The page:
TOKYO (Reuters) – Japanese engineering researchers say they have created a tiny electronic light the size of a firefly which rides waves of ultrasound, and could eventually figure in applications ranging from moving displays to projection mapping.
An object that is invisible to sonar.
In one University of Illinois lab, invisibility is a matter of now you hear it, now you don’t. Led by mechanical science and engineering professor Nicholas Fang, Illinois researchers have demonstrated an acoustic cloak, a technology that renders underwater objects invisible to sonar and other ultrasound waves.
“We are not talking about science fiction. We are talking about controlling sound waves by bending and twisting them in a designer space,” said Fang, who also is affiliated with the Beckman Institute for Advanced Science and Technology. “This is certainly not some trick Harry Potter is playing with.”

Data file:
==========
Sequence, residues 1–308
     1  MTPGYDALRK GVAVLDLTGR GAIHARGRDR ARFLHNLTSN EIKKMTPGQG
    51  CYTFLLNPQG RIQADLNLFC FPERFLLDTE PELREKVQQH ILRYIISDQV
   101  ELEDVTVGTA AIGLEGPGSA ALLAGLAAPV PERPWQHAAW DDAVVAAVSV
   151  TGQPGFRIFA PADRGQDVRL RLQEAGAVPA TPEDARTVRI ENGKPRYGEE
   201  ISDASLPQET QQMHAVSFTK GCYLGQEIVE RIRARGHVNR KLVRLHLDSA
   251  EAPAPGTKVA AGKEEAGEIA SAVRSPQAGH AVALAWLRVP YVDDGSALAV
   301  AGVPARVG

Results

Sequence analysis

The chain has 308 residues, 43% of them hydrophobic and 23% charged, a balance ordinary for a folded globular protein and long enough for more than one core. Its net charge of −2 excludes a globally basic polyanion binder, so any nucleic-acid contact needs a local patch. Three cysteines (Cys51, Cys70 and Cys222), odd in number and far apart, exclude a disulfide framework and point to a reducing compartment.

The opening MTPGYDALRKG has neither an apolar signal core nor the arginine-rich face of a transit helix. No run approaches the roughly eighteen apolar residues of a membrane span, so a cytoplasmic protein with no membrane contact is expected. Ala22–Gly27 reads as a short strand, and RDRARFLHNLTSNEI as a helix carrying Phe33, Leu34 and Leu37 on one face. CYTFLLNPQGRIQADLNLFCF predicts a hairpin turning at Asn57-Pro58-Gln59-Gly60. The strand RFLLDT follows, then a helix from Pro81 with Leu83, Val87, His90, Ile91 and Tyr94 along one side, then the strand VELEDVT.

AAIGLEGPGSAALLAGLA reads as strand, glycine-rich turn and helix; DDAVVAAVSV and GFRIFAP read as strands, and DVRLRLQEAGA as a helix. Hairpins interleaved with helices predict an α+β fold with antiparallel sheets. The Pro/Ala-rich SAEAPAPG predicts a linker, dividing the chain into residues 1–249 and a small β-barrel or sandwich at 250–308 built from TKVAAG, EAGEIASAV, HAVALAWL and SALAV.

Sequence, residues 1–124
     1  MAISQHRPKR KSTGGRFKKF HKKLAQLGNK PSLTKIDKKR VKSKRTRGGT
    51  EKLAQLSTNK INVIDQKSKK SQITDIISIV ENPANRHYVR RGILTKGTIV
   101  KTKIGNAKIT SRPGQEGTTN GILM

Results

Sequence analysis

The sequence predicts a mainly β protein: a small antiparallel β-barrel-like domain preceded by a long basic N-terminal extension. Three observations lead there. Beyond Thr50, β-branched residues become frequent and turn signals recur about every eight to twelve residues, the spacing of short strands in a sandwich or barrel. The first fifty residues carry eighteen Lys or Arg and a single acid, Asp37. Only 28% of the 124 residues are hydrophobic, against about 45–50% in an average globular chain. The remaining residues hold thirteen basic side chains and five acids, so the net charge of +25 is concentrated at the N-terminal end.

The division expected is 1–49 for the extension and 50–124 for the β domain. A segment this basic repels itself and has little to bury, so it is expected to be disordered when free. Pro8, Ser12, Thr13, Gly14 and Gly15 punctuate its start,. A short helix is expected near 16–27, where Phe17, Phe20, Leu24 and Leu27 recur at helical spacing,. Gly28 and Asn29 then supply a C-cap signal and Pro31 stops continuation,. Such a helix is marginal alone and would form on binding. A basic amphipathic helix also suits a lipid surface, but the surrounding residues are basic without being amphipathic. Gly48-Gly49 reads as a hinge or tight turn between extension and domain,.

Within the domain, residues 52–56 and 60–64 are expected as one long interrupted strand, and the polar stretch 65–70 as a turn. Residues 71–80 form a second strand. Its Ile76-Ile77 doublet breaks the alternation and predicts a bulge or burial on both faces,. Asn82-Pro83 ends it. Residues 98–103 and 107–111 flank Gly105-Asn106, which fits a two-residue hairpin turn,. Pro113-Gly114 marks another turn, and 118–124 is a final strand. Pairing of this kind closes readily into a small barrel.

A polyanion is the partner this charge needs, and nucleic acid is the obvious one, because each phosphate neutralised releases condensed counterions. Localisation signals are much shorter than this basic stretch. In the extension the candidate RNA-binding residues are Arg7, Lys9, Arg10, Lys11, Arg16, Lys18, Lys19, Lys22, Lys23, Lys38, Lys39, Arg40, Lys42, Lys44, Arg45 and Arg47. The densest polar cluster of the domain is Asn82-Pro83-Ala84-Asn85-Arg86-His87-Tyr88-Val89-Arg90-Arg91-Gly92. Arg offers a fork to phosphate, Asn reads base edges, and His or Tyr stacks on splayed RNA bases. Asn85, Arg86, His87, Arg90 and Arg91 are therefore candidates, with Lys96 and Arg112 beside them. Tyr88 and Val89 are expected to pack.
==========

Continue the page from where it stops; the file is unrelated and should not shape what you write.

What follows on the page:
While materials that can wrap sound around an object rather than reflecting or absorbing it have been theoretically possible for a few years, realization of the concept has been a challenge. In a paper accepted for publication in the journal Physical Review Letters, Fang’s team describe their working prototype, capable of hiding an object from a broad range of sound waves…